The Mayor gave a speech that day. He had asked the Borough Engineer, R.A. Lay, to see how many bricks Barking was responsible for laying in connection with the municipal houses since he came to the area in 1899, the year of the first housing scheme. Between 1899 and 1908, the ...
»more


AUGUST
3
2019

 

Raasay Street, SW10
Raasay Street ran from Dartrey Road to Edith Grove. Raasay Street was a poor street in the enclave of World’s End, Chelsea. It had been built over the hirtherto fashionable Cremorne Gardens.

Many of the local streets were demolished during 1969/70 to clear the area for the building of the World’s End Estate. Along with Raasay Street, Bifron Street, Dartrey Road, Luna Street, Seaton Street and Vicat Street all disappeared under the bulldozer.

Opposite the entrance to Raasay Street was 80 Edith Grove. On 12 July 1962, the Rolling Stones (calling themselves ’The Rollin Stone’) rented 102 Edith Grove in anticipation of their first gig at the Marquee.
»read full article


AUGUST
2
2019

 

Weymouth Avenue, W5
Weymouth Avenue dates from the period of the First World War. Little Ealing village existed by 1650 and was situated where Little Ealing Lane and Northfield Avenue (then Northfield Lane) and Windmill Road (then Windmill Lane) met. The manor house of Coldhall lay along Little Ealing Lane between the village and South Ealing Road. Until the late 19th century Little Ealing was only a small hamlet.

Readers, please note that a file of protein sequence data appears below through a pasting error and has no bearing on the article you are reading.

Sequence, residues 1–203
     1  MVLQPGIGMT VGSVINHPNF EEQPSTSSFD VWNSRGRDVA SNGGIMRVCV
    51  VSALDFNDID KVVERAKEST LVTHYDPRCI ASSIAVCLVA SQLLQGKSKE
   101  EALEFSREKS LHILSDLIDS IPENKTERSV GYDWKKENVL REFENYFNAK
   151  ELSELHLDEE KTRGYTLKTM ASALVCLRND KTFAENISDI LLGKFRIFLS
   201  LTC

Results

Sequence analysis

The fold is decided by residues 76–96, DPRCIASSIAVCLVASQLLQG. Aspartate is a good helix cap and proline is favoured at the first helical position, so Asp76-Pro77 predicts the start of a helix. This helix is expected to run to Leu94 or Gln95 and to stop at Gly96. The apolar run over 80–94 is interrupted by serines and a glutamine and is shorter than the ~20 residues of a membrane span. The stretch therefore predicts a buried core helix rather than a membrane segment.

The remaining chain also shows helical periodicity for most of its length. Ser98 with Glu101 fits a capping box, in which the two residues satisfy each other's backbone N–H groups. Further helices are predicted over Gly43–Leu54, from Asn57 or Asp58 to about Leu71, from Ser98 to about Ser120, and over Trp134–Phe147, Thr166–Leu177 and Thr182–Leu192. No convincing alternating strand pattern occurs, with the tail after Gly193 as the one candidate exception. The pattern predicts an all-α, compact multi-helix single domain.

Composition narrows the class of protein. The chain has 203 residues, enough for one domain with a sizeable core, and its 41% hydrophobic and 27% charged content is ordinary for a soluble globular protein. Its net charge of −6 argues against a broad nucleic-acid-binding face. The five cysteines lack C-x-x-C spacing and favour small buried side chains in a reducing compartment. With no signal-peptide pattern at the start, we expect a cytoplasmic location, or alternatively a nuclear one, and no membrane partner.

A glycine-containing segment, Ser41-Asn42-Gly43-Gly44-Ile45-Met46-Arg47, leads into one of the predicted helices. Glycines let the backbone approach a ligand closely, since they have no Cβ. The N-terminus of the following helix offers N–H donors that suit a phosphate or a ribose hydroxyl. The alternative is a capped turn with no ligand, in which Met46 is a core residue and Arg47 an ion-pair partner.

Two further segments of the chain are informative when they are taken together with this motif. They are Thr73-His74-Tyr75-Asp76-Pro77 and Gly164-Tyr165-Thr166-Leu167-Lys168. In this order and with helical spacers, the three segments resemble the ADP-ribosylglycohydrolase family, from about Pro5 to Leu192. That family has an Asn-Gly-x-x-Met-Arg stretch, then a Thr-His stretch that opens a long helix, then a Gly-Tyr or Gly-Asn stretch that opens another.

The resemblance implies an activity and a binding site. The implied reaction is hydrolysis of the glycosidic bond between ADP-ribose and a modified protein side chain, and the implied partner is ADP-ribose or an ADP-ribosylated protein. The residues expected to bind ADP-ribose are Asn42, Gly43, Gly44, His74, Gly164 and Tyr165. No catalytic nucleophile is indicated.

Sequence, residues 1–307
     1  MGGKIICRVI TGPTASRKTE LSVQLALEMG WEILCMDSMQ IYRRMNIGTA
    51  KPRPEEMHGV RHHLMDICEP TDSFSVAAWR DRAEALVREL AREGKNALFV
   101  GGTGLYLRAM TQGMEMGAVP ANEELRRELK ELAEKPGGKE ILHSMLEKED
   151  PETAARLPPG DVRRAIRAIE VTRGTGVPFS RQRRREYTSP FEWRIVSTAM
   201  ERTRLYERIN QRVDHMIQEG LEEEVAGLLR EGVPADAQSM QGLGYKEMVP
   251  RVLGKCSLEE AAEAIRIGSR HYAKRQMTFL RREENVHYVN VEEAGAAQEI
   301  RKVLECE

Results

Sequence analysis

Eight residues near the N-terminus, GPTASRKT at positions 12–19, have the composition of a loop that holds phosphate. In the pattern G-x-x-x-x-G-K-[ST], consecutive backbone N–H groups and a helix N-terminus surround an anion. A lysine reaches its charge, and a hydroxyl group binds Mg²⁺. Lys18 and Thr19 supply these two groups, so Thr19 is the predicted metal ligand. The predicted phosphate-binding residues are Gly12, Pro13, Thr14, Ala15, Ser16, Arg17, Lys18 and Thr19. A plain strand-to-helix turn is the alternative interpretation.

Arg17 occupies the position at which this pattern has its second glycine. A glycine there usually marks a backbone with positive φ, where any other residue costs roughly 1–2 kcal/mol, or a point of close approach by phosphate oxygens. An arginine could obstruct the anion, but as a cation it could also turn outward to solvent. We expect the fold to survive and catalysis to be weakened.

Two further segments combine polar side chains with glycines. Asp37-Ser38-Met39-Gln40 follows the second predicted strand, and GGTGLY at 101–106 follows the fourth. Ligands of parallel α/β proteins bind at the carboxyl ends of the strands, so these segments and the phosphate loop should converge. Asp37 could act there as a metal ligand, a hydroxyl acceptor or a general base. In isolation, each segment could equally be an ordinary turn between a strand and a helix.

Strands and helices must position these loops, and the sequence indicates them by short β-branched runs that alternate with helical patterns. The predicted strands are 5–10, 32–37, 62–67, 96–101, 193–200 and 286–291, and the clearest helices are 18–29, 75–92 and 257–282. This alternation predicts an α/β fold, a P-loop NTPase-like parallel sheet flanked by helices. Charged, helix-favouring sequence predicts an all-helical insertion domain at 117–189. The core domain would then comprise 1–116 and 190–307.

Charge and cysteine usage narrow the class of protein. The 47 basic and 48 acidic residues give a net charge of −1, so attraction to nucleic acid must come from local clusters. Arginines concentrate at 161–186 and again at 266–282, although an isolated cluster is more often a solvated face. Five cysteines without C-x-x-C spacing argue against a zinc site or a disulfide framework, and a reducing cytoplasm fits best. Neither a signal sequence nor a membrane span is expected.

In 1883, the Metropolitan District Railway built its Hounslow extention as a branch from Acton Town. At first there were two stations in the area - South Ealing and Boston Road (now Boston Manor). By 1908, the Northfields area begun to develop and a halt was built. The station and platforms were then on the west side of Northfield Avenue.

The bridge where Weymouth Avenue now crosses the railway, preceded the laying out of the road and linked the right of way which connected Little Ealing and Allacross Road. Weymouth Road built to connect Little Ealing Lane northwards to Windermere Road, integrated this bridge which forced th...
»more


AUGUST
1
2019

 

Pottery Lane, W11
Pottery Lane takes its name from the brickfields which were situated at the northern end of the street. The local soil was stiff clay and after 1818, the clay begun to be dug out here and used for brickmaking to supply London’s growing suburbs. Bricks and tiles were stored in sheds lining Pottery Lane and were fired in large kilns. Parts of the diggings flooded and a particular area became known as ’The Ocean’. Rubbish and effluent ended up here and it was bounded by dangerous walkways. Over the years, many drowned there.

Roughly at the same time as the brickmaking took off, pig keepers moved into the area. They had been evicted by their landlord from the Tottenham Court Road area and settled here. Many of those families lived together with the pigs in their houses.

As the area thus became a slum known as either The Potteries or The Piggeries. Conditions in Pottery Lane became so bad it became known as Cut Throat Lane.

On Sundays, there was cockfighting, bull-baiting and the killing of rats by dogs to amuse the residents.

...
»more


PREVIOUSLY ON THE UNDERGROUND MAP...

Print-friendly version of this page


View copyright notice